The bulk of the game is spent in the monster tower and it really shows the weakness of the graphics. While it has nice textures and some cool psychedelic backdrops, it gets extremely repetitive in design. Don’t be fooled by the company line about the tower changing every time you enter. While it does change slightly each time, the look and basic layout of each level remains exactly the same. The colors and textures stay, and the set-up of small path leading to large room is repeated consistently. The actual changes are minor and after the third time into the tower you’ll know whether or not you’re going to love or hate this game. If you can’t take the same pattern over and over and over, you better hope you only rented the game. I was truly disappointed to the point of considering Konami’s ad campaign to be blatant false advertising. The tower does not completely change every time you enter it. This again is another example of the developers not finishing what they started. A child could have designed the levels. All they’d have to do is draw a line leading to a box and repeat until it all connects randomly. Not quite as innovative as I was lead to believe.

The best part of this game is the music and I would expect no less from Konami who are the best soundtrack makers in the business in my opinion. They never fail to capture the spirit of the game exactly. Everything fits with the mood and the look of the game and is good enough to keep you going despite the repetitiveness. It never overpowers and it will always leave you humming. The compositions are great and use the PlayStation’s music capabilities to the utmost. The sound effects are there, and that’s really all there is to say about them. There are the usual clangs and grunts with no voice or any outstanding effects.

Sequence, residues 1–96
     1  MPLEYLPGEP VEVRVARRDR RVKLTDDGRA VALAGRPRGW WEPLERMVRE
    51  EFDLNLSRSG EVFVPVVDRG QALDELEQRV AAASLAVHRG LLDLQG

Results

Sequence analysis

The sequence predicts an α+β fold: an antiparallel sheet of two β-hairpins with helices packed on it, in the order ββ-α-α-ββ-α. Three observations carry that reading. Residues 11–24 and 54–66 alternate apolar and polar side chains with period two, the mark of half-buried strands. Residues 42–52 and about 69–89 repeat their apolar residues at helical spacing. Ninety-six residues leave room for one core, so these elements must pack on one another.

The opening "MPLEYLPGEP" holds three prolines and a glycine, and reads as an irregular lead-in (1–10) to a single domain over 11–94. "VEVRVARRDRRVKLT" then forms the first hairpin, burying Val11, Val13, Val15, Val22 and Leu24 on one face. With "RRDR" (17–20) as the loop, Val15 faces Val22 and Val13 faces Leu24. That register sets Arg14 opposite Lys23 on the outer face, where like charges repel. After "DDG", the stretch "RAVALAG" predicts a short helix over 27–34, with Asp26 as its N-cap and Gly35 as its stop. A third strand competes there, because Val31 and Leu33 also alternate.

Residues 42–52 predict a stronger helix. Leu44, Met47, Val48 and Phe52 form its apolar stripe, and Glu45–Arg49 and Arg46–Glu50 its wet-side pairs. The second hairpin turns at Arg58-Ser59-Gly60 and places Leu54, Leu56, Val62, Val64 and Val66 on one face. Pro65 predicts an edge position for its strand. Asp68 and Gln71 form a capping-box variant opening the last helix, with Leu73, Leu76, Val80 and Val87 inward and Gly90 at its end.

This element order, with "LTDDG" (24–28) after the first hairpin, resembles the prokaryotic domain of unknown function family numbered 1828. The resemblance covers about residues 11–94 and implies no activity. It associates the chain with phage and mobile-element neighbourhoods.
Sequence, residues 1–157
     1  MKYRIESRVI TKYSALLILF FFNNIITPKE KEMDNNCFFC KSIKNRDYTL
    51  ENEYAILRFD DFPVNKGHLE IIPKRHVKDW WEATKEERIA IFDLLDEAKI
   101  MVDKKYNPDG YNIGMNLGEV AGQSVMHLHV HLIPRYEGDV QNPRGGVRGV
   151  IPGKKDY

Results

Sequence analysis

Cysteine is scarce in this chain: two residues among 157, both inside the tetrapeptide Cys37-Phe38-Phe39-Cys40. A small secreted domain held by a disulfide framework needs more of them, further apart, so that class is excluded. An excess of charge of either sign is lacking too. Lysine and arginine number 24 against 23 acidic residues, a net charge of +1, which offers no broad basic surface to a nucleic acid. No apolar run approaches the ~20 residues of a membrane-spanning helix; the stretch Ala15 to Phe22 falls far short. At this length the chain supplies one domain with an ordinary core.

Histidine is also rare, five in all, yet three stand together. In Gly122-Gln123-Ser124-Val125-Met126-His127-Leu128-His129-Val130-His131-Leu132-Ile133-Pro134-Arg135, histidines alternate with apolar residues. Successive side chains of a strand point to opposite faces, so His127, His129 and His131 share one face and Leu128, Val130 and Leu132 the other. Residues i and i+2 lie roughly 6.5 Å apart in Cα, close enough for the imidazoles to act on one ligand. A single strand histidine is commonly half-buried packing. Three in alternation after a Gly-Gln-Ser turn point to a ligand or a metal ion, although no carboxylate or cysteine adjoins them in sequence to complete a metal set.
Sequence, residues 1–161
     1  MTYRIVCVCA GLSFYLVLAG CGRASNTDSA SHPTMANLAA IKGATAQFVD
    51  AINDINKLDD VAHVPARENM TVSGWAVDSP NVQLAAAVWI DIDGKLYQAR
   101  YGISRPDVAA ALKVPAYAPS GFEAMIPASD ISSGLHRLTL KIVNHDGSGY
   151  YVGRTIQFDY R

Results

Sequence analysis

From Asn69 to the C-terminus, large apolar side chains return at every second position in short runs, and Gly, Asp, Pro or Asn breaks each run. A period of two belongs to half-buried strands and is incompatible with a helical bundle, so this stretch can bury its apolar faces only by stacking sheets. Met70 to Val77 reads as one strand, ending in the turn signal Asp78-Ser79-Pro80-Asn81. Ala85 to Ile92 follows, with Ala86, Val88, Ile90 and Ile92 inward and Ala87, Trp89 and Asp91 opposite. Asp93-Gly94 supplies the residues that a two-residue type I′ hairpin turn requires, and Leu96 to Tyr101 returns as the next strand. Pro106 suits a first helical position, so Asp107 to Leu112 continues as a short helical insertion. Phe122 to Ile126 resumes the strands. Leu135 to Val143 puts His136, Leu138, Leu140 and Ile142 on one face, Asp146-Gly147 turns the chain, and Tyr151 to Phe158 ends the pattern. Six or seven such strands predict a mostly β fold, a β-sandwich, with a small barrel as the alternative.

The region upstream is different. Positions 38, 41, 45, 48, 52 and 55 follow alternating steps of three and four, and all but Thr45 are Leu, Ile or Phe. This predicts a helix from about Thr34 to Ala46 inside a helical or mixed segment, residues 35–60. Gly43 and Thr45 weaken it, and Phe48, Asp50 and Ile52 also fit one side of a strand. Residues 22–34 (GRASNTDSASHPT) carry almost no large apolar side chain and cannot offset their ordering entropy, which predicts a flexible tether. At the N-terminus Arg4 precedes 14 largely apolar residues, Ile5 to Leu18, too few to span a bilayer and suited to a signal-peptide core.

“Enter the Tower.”

The gameplay is a combination of a simulation game and a turn-based action RPG. The simulation aspect includes building up the town, courting female characters and raising familiars to take into the tower with you. The role-playing aspect includes exploring the tower, fighting monsters, and earning experience, finding weapons and finding items. Events that occur in one section will have an effect on events in the other.

The building aspect of the simulation section involves earning enough money in the tower to pay the carpenter his fee for building new places or expanding existing ones. You can expand your own house and your monster hut to raise more familiars. And you can buy items like wallpaper and rugs to furnish your home with. Talking to people in town will add more options to the list of things the carpenter can make and also open up some mini-games to play like bowling and horse racing. Some are just for fun and some can be used to make extra money. New buildings will also open other important parts of the simulation game including new girls for you to “date”. This building simulation is a welcome addition to the game, but it could have been done so much better. Again they took the simplistic route rather than making it a full-blown simulation. All you need is the money and to talk to people. You don’t have to get into any of the details like location or design. It’s neat, but it only becomes a minor portion of the game because of the lack of detail involved.